Rohit Varma wants to help the world get a little crisper and clearer.
When he was growing up, he was enraptured with his uncle, an ophthalmologist. “I would spend vacations with him, learning about his surgery and research. I was completely fascinated with vision and how important it was,” Varma recalls. He earned a master’s degree in public health at Johns Hopkins University. After his medical residency at the Johns Hopkins Hospital, he joined a project to analyze images of the optic nerve, which connects the back of the eye to the brain.
Varma’s interest in public health quickly crept into his research. During his 19 years at Keck School of Medicine of USC as a professor, he launched the influential Multiethnic Pediatric Eye Disease Study and the Los Angeles Latino Eye Study, as well as studies into African-American and Chinese-American groups, to understand the impact of eye disease in ethnic communities.
After spending two years at the Illinois Eye and Ear Infirmary at the University of Illinois at Chicago, Varma in February returned to the Keck School as chair of the Department of Ophthalmology and director of the USC Eye Institute. The ability to work in Los Angeles’ diverse communities was a big draw.
“I’ve had numerous collaborations with faculty and staff, and most of the community work is done in LA,” Varma says. “I wanted to look into the burden of eye disease on infants and preschool children in Glendale, Monterey Park and Inglewood, older African-Americans in Inglewood, Latinos in La Puente, and Chinese-Americans in Monterey Park and Alhambra.”
His own experiences inspired some of his work. When Varma’s son needed glasses, Varma had no idea until the boy’s school notified him. “That highlighted the problem to me: If even I didn’t notice vision problems, how would people not related to an ophthalmologist get the care they need?” he says. “One of the interesting things we found in our study was that 90 percent of children who had a need for an eye exam had never been seen by an eye doctor. There’s a real need for getting better school vision screenings to identify these vulnerable children.”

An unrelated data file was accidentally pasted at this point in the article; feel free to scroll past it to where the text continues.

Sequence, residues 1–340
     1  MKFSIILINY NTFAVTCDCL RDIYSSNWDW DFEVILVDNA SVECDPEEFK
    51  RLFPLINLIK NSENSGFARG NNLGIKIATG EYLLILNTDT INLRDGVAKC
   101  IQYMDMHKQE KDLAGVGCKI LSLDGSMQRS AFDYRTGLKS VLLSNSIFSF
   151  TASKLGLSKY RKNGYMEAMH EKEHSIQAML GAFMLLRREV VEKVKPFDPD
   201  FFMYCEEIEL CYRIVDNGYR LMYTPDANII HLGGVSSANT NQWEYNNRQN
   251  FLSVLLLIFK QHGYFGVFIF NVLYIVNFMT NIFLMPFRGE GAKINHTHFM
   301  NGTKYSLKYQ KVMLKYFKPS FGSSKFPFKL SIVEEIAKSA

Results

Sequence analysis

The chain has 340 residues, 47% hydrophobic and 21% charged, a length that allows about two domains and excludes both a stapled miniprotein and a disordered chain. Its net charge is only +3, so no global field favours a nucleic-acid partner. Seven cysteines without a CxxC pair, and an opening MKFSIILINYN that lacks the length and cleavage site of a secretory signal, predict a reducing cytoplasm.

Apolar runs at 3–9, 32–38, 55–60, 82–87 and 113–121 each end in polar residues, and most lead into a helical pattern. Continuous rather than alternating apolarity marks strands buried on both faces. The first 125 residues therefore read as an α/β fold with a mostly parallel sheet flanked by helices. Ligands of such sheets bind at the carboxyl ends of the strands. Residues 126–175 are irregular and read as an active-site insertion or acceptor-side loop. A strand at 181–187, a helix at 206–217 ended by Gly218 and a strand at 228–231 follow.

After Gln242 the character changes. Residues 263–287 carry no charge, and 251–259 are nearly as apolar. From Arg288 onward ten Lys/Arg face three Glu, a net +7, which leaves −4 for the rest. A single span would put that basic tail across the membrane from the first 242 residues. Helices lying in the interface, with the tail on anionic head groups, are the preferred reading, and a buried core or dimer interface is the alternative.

In many ways, the Los Angeles area is a microcosm of the United States, and it’s tough to find any other place with so many ethnic communities, Varma says. “That’s why Los Angeles is such a wonderful community laboratory for us. It provides us with so much insight into people in a relatively small geographic area.”
An expert in glaucoma, Varma helped pioneer the development of imaging techniques that aid in the early diagnosis of glaucomatous optic nerve damage. He also is involved in developing pressure sensors and drainage devices that could be implanted inside the eye, with the potential to control or improve glaucoma.
While all medical research seeks to make a difference in people’s lives, Varma is proud that ophthalmology has a unique ability to change a patient’s day-to-day quality of life. “We are fortunate in ophthalmology that we have some of the most impactful surgical procedures, like cataract surgery, that bring back vision people had lost,” Varma says. “It’s almost like a miracle—the world all of a sudden is clearer and crisper and colorful and meaningful.”